Many of those feelings never ameliorated, but the majority of them did. After the bloody 1864 battle of Nashville, Union General George H. Thomas looked at the battlefield strewn with bodies and exclaimed: "Gentlemen, the question is settled. Negroes will fight."

A total of about 179,000 blacks served as soldiers in the Civil War and later on the western frontier. They were organized into 120 infantry regiments, 22 artillery batteries, and 7 cavalry regiments. Cumulative losses in black units in the 1860s and 1870s were unusually high: 68,200—more than a third of the total enrolled. Of that number, 2,750 were killed in action; the remaining 65,450 perished from wounds and sickness. The number of desertions among black troops was about 7% of the total in the army. Twenty-one blacks received the Congressional Medal of Honor for gallantry in action.

In 1892, Colonel Norwood P. Hall of the 55th Massachusetts (Colored) Regiment proudly stated of his men: "We called upon them in the day of our trial, when volunteering had ceased, when the draft was a partial failure, and the bounty system a senseless extravagance. They were ineligible for promotion, they were not to be treated as prisoners of war. Nothing was definite except that they could be shot or hanged as soldiers. Fortunate it is for [the nation], as well as for them, that they were equal to the crisis; that the grand historic moment which comes to a race only once in many centuries came to them, and that they recognized it ..."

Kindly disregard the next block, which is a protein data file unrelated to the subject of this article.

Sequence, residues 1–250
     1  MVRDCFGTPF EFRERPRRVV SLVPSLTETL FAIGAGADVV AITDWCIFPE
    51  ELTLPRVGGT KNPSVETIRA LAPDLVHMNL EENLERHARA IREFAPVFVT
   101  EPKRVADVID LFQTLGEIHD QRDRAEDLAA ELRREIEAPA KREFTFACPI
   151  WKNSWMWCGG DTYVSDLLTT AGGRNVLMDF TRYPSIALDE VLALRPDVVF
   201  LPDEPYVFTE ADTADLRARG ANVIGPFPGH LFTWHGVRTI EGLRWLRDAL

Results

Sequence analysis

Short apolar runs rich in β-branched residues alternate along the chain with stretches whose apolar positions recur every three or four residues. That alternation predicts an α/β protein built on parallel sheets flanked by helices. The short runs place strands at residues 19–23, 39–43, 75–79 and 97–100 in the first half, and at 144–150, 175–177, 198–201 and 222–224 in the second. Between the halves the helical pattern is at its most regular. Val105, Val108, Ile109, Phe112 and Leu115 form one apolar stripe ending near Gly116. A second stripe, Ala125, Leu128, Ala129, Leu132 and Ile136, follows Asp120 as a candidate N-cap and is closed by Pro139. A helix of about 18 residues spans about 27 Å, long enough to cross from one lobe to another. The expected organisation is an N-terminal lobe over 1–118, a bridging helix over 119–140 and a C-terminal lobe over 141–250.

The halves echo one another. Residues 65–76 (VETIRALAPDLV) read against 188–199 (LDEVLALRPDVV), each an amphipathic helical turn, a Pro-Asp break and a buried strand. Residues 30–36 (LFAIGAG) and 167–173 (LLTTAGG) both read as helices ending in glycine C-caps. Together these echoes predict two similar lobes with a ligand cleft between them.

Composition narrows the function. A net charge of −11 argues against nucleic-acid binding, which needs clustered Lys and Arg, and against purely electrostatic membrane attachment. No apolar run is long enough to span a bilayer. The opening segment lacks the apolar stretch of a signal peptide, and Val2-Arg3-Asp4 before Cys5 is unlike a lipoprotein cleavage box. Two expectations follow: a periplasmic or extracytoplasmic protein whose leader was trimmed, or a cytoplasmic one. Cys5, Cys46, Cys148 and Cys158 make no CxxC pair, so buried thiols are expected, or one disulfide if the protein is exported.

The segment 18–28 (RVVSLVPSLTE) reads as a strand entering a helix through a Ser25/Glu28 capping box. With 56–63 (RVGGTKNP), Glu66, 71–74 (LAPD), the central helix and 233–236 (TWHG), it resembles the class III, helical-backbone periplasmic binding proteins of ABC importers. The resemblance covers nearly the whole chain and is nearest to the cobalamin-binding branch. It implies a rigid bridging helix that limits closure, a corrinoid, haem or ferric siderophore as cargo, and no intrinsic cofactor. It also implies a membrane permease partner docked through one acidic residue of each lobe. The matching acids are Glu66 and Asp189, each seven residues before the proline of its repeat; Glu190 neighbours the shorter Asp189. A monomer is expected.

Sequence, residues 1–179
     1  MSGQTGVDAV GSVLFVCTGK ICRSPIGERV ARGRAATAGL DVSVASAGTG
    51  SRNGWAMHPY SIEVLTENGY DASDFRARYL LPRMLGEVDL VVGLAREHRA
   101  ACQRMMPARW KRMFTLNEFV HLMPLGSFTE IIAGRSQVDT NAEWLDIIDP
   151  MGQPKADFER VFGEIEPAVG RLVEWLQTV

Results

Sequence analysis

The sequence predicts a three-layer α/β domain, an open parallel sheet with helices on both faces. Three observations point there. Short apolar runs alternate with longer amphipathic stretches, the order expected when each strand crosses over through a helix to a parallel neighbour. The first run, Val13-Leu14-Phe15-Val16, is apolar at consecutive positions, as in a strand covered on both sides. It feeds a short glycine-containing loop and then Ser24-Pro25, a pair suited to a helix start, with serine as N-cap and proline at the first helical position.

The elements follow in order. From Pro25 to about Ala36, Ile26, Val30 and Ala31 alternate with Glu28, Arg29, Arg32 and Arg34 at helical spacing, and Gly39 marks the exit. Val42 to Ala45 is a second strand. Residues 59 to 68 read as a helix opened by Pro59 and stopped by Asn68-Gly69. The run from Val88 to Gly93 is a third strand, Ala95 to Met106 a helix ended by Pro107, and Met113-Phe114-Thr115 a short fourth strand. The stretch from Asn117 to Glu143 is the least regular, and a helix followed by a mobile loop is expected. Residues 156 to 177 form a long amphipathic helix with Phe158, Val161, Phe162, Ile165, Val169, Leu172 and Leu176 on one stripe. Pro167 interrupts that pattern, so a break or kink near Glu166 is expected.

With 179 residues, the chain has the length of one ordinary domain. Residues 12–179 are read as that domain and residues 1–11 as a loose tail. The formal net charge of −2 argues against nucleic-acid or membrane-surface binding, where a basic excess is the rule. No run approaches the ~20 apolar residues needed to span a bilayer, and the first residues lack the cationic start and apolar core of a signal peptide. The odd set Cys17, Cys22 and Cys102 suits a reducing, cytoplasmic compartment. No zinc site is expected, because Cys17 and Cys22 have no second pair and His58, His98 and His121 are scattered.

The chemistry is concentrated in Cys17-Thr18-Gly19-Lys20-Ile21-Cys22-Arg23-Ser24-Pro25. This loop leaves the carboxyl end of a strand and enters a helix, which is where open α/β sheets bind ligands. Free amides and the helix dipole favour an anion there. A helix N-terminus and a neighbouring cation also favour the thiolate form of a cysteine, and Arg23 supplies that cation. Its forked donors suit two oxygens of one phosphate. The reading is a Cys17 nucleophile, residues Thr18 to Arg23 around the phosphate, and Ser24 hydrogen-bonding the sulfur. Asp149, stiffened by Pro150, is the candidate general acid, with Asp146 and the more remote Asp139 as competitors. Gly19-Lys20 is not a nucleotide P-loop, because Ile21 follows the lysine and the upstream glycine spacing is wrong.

The pronounced individualism of American generations during that era explains in great part the disrespect for authority so commonplace in the armies. Southerners and Northerners who answered the call to arms were products of a new nation dedicated to the ideal that one man was as good as another; and when many of the officers showed themselves to be at least as inexperienced as the men they were supposed to be leading, soldiers in the ranks reacted in disgust.

These were civilian armies, formed hastily by the first fires of war. Most of the men in a company had been lifelong acquaintances. Before entering the army, they had addressed one another as John, Tom, or Harry; but once in military service, several of their friends became their superior officers. Men who had never so much as doffed their hats at one another now found themselves obligated to salute each other and to obey orders without question. Relinquishing friendly informality for stuffy formality taxed the tempers of more than one private.